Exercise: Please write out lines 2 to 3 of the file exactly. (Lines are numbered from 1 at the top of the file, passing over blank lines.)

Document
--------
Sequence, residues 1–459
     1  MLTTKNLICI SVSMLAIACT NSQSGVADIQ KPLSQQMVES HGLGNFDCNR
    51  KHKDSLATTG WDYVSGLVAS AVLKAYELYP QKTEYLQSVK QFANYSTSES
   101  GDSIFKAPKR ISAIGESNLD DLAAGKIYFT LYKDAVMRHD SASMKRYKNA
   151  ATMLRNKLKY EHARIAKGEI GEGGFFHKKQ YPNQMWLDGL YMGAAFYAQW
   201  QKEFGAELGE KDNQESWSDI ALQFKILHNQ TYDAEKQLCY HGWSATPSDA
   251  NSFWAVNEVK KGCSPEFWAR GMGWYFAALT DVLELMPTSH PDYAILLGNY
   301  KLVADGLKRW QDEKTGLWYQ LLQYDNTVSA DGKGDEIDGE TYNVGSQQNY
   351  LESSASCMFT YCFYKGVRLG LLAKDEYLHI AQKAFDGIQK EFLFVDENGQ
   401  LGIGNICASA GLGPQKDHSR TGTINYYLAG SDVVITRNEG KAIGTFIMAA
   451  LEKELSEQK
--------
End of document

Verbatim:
     1  MLTTKNLICI SVSMLAIACT NSQSGVADIQ KPLSQQMVES HGLGNFDCNR
    51  KHKDSLATTG WDYVSGLVAS AVLKAYELYP QKTEYLQSVK QFANYSTSES